Regaining gold in Tokyo

Published : Mar 11, 2010 00:00 IST

Gurbux Singh with the Tokyo Olympics gold.-S. PATRONOBISH
Gurbux Singh with the Tokyo Olympics gold.-S. PATRONOBISH

Gurbux Singh with the Tokyo Olympics gold.-S. PATRONOBISH

“For me, my first Olympics — Tokyo ’64 — was memorable. We not only won the gold medal, but also proved our detractors wrong, because everyone was fancying Pakistan to walk away with top honours.”

We were rather fortunate to be born at the right time when Indian hockey was at its pinnacle. For every player, Olympians I mean, it’s a dream to play at the mega event and winning gold there is something that very few even dare to think of, so tough is the competition.

For me, my first Olympics — Tokyo ’64 — was memorable, we not only won the gold medal, but also proved our detractors wrong, because everyone was fancying Pakistan to walk away with top honours. They had won the last edition in Rome, beating us 1-0 in the final. Hockey at that time was dominated by the south-Asians and it was all about stick-work, the Europeans could never match our skills. The introduction of Astroturf has made the game quicker and more physical, pushing us behind the physically stronger Europeans and Australians.

Going back to ’64 we had a poor start to the tournament; we drew our first two games against Spain and the unified German team and were in danger of missing out on a semi-finals spot. A 2-1 win over the Netherlands saw us through and then we played brilliantly to down Australia 3-1 in the semis. For the final, all of us were charged to inflict revenge, and our manager Inder Mohan Mahajan, coach Dharam Singh and skipper Charanjit Singh gave us a nice little pep talk on the eve of the game. Charan also suggested that we should keep our calm and not fall prey to the Pakistani tactics of intimidation and rough play.

At the 1962 Jakarta Asian Games, our players had to endure Pakistani hostility and either got hurt or were beaten up. We had lost the final and I was not ready to face a similar fate. I made it clear that we wouldn’t start the fight, but if we got hit, we would hit back twice, and every profanity would be matched with equal vengeance. They had started the concept of a huddle way back then and their ‘Allah ho Akbar’ sounded like a war cry. Just to counter it we invented our very own ‘Bharat mata ki Jai’ and the atmosphere was exhilarating. As expected Pakistan started uncompromisingly and soon Anwar Ahmed Khan took a swipe at Harbinder. The latter was sent off for 10 minutes. That obvious unfairness strengthened our resolve and we started playing well. Then Mohinder Lal put us ahead five minutes into the second half.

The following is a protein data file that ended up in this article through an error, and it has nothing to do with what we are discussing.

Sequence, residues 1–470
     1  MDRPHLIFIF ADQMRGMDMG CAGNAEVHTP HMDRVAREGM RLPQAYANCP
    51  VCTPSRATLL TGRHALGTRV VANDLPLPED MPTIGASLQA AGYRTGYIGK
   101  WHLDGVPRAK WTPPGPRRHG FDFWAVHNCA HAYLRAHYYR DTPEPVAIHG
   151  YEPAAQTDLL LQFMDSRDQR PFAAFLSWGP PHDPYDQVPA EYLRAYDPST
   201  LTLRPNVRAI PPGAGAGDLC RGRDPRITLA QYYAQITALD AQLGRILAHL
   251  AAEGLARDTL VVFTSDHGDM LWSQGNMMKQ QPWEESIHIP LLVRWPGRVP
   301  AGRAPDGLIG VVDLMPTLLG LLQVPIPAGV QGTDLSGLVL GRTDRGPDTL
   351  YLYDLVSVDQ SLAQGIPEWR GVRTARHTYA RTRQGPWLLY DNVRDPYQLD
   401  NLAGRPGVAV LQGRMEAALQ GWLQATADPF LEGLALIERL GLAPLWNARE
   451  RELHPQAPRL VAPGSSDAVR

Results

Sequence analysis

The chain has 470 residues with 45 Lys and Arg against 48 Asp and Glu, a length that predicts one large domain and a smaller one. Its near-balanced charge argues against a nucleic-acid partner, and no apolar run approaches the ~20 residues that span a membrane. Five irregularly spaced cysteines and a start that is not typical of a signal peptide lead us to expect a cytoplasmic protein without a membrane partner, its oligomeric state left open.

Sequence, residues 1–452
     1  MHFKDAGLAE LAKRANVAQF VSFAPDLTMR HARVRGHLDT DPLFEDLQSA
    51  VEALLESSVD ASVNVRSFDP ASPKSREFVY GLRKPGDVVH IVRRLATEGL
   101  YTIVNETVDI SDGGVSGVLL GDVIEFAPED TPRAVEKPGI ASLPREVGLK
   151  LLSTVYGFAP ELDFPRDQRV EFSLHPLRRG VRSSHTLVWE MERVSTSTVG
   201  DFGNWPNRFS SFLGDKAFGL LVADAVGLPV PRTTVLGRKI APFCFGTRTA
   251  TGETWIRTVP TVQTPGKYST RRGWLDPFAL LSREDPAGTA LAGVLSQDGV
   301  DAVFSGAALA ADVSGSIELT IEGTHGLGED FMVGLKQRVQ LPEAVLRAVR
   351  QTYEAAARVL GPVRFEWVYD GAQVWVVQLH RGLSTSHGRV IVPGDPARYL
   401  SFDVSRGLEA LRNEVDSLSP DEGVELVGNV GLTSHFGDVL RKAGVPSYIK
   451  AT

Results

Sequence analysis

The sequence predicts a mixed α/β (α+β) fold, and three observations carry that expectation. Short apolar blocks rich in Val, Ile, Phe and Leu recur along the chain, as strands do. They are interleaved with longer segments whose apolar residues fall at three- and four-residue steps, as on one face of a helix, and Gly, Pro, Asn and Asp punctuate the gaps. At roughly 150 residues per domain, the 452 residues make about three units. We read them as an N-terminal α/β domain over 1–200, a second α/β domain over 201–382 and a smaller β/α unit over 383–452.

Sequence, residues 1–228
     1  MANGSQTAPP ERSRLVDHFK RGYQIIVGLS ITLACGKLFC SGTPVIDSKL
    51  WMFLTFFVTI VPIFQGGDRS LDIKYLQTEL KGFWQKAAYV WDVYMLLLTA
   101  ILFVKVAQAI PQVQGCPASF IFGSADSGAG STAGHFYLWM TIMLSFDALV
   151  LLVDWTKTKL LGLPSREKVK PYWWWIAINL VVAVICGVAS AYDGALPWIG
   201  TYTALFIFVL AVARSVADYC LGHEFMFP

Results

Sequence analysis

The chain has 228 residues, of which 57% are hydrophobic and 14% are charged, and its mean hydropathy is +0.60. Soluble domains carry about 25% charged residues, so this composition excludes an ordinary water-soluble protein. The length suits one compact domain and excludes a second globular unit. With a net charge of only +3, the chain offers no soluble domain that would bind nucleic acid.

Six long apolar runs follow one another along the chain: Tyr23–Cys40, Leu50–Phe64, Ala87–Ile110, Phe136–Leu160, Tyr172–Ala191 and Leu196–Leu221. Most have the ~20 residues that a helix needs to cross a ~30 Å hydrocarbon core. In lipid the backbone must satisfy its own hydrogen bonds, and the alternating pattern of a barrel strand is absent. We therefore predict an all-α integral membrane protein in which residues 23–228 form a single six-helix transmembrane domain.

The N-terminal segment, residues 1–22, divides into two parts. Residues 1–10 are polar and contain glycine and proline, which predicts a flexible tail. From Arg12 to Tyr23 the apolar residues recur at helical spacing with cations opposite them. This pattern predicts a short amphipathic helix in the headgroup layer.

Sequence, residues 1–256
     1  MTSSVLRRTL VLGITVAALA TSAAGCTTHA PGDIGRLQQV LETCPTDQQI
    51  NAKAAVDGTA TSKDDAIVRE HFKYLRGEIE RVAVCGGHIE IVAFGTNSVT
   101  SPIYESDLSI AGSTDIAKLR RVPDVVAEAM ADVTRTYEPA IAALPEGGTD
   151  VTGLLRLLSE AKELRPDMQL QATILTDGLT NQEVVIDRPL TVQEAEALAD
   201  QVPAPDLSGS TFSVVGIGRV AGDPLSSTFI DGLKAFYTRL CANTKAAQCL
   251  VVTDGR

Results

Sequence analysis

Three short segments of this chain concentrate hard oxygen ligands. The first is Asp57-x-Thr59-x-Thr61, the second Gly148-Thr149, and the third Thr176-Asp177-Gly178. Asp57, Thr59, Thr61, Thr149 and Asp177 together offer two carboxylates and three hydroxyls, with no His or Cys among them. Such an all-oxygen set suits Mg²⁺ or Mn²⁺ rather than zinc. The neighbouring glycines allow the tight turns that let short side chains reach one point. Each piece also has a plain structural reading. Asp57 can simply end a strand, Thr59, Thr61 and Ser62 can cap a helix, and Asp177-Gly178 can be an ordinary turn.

Prithipal Singh, who had had a fantastic Games till then, finding the net 11 times, saw his stinging shot from a penalty corner deflect off the Pakistan goalkeeper’s pad. Unfortunately for them, their left-back Munir Dar stopped the ball with his foot. Mohinder converted the resultant penalty stroke.

Undaunted, the Pakistanis mounted a salvo at our goal, but Shankar Lakshman, our custodian, was playing the match of his life. He saved two rasping shots from penalty corners at the very end. Deservingly, he won the ‘Man-of-the-Match’ award.

Wild celebrations followed and the whole Indian contingent was there to support us. Milkha Singh and Raja Karni Singh (five times Olympian shooter) jumped off the stands, hysterically waving the national flag. Karni even twisted his ankle but there was no stopping him. Back home a substantial crowd was there at Palam Airport to welcome us and for the first time I think, Indian sportspersons were driven in a motorcade through the streets of Delhi and Jalandhar. Fans sought our autographs on currency notes and only then could I realise what we had actually achieved.

Such is destiny that four years later in Mexico City we finished a disappointing third even after going into the competition as the strongest team. It was the first time we had failed to make the final in the Olympics and the whole nation was plunged into darkness by this unprecedented loss. A 1-2 reverse at the hands of Australia in the semis sealed our day and the whole team was left stunned at the sudden change in fortunes. Sure of our success, the officials had planned a trip to the West Indies after the competition, but now no one was in a mood to party. With heavy hearts we took the field for the third-place playoff and though we beat Germany 2-1, it did little to lessen our pain.

When I look back now, what I find most puzzling is that there was really no reason behind our sudden loss of form. We had a good East African tour before the tournament and were raring to go. Though we had lost one of our best players, Inder Singh, ahead of the Olympics because of jaundice, we were confident of retaining our gold.

Maybe this complacency led to our defeat in the first match against New Zealand and that affected our confidence. As the joint-skipper with Prithipal, I think I should be held responsible because we failed to lift the team from its slumber. Perhaps we had peaked too early, but still no excuses can be made for that loss of face.

As told to Ayon Sengupta

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